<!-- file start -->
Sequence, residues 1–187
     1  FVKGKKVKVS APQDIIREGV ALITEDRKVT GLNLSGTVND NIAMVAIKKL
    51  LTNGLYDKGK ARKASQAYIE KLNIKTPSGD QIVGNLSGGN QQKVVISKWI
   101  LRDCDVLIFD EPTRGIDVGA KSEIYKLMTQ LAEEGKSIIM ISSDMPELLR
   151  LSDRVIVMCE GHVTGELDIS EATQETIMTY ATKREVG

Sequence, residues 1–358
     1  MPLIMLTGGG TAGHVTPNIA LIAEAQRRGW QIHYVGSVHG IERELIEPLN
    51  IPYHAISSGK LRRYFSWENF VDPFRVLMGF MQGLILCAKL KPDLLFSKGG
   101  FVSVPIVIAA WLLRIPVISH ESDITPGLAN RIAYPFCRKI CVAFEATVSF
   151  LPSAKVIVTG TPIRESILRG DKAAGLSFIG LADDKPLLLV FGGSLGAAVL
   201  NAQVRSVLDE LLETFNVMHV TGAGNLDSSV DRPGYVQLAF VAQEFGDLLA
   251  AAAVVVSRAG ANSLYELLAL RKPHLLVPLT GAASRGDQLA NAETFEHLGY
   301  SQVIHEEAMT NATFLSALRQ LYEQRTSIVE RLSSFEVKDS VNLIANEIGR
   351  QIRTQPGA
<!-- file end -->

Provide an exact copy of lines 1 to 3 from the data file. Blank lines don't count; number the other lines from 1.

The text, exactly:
Sequence, residues 1–187
     1  FVKGKKVKVS APQDIIREGV ALITEDRKVT GLNLSGTVND NIAMVAIKKL
    51  LTNGLYDKGK ARKASQAYIE KLNIKTPSGD QIVGNLSGGN QQKVVISKWI